IMMIGRATION: Agency Actions Attempt to Chip Away at Worker Visas as Legislative Deadlock Continues

August 29, 2017

Despite ample economic evidence of the benefits foreign-born workers bring to American companies, communities, workers, and the American economy, an approach to immigration responsive to the needs of the American workforce remains out of favor in Washington.  Thus far, no politically viable legislation on non-immigrant worker visas or immigrant workers seems to have been put forward.  With immigration reform on the horizon, however, it is becoming increasingly important that the employer community's voice is heard on this topic.  Consequently, the Association will soon be releasing a white paper representing the perspectives of CHROs on immigration.  
Non-immigrant Work Visas  Various executive orders and bills have aimed at reducing the number of non-immigrant work visa holders in the U.S. under the assumption that they crowd out jobs for native workers.  From the early stages of President Trump's campaign, the H-1B visa has been a favorite target.  Although no legislation has come close to making its way to the President's desk, actions by various agencies seem to have succeeded in undercutting the H-1B petition process, and further restrictions to non-immigrant work visa holders and their families could be on the horizon, such as removing the work permit from H-4 visa holders (the spouses of H-1B workers).  Perhaps because of such activity, applications have been approved at a rate of 58 percent this year, down from last year's rate of 87 percent.  However, the visas remain highly valued, with more than 300,000 visa petitions and extension applications submitted to date, compared to just under 400,000 being submitted in all of 2016.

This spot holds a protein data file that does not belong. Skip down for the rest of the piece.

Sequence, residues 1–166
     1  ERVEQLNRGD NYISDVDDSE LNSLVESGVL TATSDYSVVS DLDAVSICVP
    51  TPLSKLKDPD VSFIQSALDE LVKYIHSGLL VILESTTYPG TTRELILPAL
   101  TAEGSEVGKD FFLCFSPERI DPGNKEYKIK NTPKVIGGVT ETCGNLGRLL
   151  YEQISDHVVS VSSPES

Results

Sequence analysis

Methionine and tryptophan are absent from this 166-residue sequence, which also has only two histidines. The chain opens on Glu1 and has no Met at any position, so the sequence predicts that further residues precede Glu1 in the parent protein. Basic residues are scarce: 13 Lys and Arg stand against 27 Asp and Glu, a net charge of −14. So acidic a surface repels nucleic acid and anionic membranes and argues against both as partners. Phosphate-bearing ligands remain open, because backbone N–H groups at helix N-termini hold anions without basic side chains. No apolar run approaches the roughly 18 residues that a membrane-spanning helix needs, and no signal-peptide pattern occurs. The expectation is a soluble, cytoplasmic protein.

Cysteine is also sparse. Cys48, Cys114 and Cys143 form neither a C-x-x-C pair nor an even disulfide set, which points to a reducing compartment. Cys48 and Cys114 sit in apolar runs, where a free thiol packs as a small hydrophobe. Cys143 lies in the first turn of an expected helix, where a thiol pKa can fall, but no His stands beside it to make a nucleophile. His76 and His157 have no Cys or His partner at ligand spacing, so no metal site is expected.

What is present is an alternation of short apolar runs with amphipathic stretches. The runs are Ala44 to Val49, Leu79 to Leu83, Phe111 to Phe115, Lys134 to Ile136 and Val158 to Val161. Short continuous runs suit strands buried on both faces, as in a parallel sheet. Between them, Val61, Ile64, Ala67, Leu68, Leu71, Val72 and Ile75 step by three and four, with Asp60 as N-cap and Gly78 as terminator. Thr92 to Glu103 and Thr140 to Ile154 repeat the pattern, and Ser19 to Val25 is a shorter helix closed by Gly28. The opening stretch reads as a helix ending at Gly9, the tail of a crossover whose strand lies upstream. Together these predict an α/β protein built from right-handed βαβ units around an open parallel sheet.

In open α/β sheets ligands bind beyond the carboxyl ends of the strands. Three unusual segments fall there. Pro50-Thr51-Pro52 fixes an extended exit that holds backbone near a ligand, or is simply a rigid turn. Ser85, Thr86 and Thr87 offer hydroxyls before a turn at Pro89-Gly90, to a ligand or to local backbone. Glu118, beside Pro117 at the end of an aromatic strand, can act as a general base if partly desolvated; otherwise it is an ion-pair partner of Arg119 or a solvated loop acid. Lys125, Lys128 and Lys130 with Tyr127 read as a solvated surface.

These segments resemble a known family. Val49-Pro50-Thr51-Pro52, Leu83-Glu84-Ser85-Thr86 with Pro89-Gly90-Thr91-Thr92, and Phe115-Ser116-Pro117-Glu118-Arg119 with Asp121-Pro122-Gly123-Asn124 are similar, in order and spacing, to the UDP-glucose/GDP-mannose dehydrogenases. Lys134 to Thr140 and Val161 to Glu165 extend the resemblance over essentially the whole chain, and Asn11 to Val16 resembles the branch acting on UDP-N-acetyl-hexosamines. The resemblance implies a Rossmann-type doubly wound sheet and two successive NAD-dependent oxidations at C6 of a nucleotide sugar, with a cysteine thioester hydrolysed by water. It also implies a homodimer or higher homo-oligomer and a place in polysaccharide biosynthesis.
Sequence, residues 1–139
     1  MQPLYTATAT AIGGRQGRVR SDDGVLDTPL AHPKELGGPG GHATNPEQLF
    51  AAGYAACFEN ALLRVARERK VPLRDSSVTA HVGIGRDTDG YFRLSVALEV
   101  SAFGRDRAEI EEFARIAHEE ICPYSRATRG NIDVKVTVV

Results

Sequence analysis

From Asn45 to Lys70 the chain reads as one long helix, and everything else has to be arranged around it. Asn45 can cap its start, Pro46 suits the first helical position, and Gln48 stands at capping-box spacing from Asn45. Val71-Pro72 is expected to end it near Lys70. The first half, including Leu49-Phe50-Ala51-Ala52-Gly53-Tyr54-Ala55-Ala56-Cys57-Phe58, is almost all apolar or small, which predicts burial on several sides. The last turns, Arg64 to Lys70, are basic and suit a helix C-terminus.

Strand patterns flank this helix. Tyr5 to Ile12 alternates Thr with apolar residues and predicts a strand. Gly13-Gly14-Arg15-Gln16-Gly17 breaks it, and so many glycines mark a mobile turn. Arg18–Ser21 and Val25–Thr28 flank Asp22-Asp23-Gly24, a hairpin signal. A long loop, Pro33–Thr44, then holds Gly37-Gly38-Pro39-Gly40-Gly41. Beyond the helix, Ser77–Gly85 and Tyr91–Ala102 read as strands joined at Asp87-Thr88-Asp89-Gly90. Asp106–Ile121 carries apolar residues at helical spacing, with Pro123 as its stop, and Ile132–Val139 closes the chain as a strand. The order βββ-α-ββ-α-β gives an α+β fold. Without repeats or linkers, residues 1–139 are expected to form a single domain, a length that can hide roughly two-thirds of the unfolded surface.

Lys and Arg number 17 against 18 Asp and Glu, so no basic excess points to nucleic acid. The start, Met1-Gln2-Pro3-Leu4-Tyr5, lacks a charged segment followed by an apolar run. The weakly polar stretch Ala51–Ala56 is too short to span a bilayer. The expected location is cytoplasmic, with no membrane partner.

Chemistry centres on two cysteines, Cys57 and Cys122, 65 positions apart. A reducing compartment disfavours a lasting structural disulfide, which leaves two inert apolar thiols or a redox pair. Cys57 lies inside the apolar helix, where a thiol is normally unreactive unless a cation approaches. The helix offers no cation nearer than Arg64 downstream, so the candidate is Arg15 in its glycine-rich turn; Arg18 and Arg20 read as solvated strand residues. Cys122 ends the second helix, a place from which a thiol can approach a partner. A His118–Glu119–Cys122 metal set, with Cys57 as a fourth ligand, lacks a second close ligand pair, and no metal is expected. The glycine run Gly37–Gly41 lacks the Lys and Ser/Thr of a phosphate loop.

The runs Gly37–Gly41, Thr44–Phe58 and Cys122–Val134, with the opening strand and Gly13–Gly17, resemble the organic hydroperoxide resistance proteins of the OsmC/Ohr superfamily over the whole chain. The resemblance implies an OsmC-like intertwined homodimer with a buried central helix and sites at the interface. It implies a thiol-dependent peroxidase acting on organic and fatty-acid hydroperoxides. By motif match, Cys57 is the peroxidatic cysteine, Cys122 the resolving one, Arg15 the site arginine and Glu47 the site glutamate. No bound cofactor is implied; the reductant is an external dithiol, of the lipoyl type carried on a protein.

Skills-based Immigration Vetting  President Trump has twice endorsed a bill intended to drastically reduce yearly legal immigration levels and refocus the green card process on merit.  While the legislation faces an uphill battle in the Senate and a low chance of becoming law, its provisions are indicative of current thinking among some Republicans on immigration.  Sen. Tom Cotton (R-AR), who co-authored the measure, said it would mandate that green card applicants be considered "based on education, English-language ability, high-paying job offers, age, record of extraordinary achievement, and entrepreneurial initiative."  Conversely, the bill targets programs that President Trump claims have tended to admit low-skill immigrants, such as those extending green cards to extended family members of legal U.S. residents.